Earlier this year, the Australian musician was criticised by a fan for losing the anger that was present in much of his earlier work.
In a post on his blog The Red Hand Files, Cave shared a note from the fan who asked: “When did you become a Hallmark card hippie? Joy, love, peace. Puke! Where’s the rage, anger, hatred?”
In response, Cave said the death of his son Arthur was behind the shift in his energy. “Things changed after my first son died,” he wrote. “I changed. For better or for worse, the rage you speak of lost its allure and, yes, perhaps I became a Hallmark card hippie. Hatred stopped being interesting. Those feelings were like old dead skins that I shed. They were their own kind of puke.”
Speaking to NME as part of a recent “good faith conversation” about his new book, cancel culture, the coronation and more, Cave addressed his recent response to the fan about “angry” music and if this meant he might not ever return to a space where he could make another [garage rock side project] Grinderman record.
“We could do a Grinderman record, because Grinderman is essentially improv. It’s musically challenging and you don’t really know what you’re going to get, but I don’t think we could make a four-on-the-floor rock’n’roll record any more,” he said.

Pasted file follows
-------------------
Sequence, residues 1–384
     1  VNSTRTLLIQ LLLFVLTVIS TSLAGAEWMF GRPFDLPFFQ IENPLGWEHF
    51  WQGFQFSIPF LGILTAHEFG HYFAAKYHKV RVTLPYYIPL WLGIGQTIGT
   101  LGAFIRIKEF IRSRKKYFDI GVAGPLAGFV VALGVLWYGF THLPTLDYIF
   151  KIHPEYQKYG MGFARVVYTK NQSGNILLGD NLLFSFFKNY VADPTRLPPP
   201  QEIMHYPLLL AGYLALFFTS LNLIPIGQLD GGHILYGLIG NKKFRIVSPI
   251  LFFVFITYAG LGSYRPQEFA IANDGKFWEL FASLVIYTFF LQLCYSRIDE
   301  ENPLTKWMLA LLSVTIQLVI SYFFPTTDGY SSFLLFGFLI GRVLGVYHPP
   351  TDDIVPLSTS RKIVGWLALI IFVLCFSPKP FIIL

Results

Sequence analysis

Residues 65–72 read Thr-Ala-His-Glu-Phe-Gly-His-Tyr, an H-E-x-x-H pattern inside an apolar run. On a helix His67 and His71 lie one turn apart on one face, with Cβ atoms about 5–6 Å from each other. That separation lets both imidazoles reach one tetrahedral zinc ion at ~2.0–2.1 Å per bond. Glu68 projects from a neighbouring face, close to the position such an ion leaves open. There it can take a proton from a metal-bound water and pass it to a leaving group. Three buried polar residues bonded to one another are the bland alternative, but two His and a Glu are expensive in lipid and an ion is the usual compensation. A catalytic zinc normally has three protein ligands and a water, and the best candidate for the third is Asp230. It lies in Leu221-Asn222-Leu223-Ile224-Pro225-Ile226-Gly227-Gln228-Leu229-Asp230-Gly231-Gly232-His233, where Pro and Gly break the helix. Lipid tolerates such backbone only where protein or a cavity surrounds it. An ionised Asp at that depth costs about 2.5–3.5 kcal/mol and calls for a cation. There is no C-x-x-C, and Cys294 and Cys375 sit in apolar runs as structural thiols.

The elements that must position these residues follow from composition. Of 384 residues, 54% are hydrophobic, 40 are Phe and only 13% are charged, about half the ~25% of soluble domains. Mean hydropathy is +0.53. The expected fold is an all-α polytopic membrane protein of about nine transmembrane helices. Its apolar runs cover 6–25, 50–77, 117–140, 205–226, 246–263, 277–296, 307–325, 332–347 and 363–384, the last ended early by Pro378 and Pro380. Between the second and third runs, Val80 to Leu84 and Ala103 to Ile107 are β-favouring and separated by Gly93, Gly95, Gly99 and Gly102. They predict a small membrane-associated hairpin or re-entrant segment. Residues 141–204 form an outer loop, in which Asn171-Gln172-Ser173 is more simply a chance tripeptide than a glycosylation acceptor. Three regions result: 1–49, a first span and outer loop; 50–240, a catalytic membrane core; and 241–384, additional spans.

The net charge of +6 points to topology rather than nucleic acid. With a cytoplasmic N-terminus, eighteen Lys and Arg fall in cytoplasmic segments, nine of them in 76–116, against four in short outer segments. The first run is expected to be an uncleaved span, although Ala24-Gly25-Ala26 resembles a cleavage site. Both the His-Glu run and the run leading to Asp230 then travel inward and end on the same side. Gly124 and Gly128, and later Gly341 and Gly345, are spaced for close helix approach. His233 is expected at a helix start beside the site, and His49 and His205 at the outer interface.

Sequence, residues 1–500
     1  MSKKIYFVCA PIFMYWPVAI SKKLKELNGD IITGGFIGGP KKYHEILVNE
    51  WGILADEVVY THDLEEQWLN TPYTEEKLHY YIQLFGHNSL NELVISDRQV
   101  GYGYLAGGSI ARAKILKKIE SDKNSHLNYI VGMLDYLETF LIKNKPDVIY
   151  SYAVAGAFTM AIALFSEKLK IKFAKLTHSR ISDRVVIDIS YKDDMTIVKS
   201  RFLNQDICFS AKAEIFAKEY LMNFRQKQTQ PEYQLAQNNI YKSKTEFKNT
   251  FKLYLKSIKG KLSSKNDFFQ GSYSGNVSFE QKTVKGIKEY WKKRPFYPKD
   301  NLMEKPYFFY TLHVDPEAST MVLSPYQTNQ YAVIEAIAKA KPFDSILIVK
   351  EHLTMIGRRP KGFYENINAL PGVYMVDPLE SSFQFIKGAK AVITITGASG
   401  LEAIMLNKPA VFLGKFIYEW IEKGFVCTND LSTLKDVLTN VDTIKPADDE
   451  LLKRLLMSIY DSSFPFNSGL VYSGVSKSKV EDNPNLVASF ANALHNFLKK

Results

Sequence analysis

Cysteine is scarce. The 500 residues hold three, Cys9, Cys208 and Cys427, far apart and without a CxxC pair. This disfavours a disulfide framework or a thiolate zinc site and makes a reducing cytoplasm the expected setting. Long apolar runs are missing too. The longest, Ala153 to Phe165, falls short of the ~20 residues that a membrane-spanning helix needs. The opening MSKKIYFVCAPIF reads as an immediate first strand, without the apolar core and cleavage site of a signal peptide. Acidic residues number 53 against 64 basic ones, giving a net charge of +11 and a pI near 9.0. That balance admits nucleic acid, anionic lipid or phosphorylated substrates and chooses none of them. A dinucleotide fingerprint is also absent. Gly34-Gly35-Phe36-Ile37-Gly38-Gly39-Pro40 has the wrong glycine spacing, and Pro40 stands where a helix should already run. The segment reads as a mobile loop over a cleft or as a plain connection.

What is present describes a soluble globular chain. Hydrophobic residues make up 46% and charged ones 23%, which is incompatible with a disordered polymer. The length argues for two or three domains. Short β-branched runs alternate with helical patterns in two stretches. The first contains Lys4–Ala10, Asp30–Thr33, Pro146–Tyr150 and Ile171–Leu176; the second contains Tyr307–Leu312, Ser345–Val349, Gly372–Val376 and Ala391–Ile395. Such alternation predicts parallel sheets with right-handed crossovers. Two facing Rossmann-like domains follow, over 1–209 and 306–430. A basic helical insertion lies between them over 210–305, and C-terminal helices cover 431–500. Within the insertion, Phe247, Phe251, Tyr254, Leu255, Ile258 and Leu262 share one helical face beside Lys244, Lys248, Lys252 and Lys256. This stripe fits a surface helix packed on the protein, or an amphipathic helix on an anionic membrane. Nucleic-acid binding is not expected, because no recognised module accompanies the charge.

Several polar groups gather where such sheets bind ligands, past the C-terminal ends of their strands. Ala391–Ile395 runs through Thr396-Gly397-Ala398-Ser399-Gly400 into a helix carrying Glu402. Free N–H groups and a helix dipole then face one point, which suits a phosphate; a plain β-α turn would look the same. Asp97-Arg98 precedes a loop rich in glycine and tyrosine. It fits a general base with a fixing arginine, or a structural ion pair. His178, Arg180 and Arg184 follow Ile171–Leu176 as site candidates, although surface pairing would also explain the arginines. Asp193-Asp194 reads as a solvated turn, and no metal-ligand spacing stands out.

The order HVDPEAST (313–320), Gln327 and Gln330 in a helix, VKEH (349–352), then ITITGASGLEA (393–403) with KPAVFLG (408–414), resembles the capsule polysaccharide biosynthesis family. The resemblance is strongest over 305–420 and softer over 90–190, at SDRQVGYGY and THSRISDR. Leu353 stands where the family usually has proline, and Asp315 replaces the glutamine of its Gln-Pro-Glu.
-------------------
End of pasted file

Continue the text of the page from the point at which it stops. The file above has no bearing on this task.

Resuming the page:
Cave went on that he didn’t think they could make “an old-school Bad Seeds record anymore where it’s basically a rock band playing”.
He added: “I don’t see that happening. Not that this next [Bad Seeds] record is ambient – it’s not at all – but I just don’t see us going back to that basic rock’n’roll style. I just don’t know how to do it anymore.”
The musician also elaborated on his close collaborative relationship with Bad Seeds bandmate Warren Ellis.
“It seems so incredibly fruitful, our relationship,” he said. “We’ve just been in the studio, we’re making a new Bad Seeds record with other members too. What’s coming out is just so instantly interesting, I think, and different all the time.”
Elsewhere in his conversation with NME, Cave followed up on the reaction to him attending King Charles’ coronation.
Back in January, Cave confirmed that he’d started work on a new Bad Seeds album, sharing some early lyric ideas in the process.
Nick Cave’s last album with The Bad Seeds, ‘Ghosteen’, came out in 2019, described by NME in a five-star review as “a beautiful account of harrowing grief”.